I have also understood the concept of bio-ecological theory, which gives insight into infant growth during the first year. During this period, micro system surrounds the infant thus exerts a lot of influence through the family and caregivers. Consequently, infants’ needs, interactive environment and abilities changes as they grow. In addition, such changes may influence the development of brain. There is often periods of vulnerability when a child’s experiences boost his or her development.

As such, the information obtained through the senses and interactions with others stimulates the growth of a complex network of neural connections. Although a child can always learn new ways of thinking and behaving, the fact that neurological development is in a time of intense growth during the first three to ten years suggests the serious need for suitable experiences.

From birth, infants often show unique personality traits. The study of such distinct characteristics has intrigued both researchers and parents. The dimensions of social and emotional development in infancy include infant emotions, social smiling and facial expressions, crying, temperament and interaction patterns and play behaviors. This aims at helping caregivers and parents to respond to the children accordingly. However, social and emotional development in infants is influenced by factors such as the quality and consistency of care, success and quality of bonding and attachments, essential experiences, socio-cultural experiences and interactions that promote social cognition and health.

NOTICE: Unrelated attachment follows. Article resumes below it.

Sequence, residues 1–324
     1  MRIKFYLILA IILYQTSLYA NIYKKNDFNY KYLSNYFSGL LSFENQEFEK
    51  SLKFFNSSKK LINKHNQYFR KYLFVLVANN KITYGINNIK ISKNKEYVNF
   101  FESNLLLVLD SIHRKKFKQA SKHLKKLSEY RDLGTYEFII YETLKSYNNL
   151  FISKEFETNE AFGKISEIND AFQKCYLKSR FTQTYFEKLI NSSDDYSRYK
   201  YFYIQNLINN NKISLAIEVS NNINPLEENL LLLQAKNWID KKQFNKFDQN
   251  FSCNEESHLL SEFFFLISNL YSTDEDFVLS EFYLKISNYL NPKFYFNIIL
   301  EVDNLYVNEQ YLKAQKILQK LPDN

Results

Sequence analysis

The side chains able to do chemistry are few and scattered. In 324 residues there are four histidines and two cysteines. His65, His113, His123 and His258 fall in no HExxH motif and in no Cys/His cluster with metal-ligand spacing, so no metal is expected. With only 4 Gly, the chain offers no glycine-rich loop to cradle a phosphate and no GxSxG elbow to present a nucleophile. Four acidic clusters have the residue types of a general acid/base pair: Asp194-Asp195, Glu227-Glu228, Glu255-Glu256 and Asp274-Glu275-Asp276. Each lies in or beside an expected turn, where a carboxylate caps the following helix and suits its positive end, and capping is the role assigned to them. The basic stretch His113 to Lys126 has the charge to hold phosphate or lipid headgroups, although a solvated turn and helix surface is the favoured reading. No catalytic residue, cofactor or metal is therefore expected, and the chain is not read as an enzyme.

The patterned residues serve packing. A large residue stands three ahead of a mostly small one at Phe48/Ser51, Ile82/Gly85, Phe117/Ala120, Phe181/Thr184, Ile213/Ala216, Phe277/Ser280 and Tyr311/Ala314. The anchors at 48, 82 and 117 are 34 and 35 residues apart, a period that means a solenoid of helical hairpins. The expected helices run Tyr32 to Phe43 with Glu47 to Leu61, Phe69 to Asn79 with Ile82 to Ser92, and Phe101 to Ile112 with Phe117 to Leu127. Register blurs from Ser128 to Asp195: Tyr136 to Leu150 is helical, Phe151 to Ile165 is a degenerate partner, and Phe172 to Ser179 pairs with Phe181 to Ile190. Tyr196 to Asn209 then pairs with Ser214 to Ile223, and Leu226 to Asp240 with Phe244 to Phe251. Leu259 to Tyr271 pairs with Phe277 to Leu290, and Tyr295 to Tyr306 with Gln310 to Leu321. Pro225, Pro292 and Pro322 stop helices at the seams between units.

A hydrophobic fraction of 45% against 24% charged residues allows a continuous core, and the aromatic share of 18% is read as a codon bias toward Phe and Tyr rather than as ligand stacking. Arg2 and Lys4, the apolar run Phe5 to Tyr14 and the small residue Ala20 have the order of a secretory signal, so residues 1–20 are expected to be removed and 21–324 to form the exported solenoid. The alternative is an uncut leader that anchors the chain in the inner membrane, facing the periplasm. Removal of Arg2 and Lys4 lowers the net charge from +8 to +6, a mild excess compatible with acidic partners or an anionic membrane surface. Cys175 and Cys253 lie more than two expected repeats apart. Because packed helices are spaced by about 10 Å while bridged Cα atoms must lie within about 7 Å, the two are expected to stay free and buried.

Based on the expositions afore discussed, the issue of augmentation and maturity varies from one person to another. Therefore, such studies should not only include children from different socioeconomic, cultural and gender groups, but also include all the relevant theories before any universal application. In addition, proper nutrition and care, social and emotional interactions are vital to good health and behavior of a child.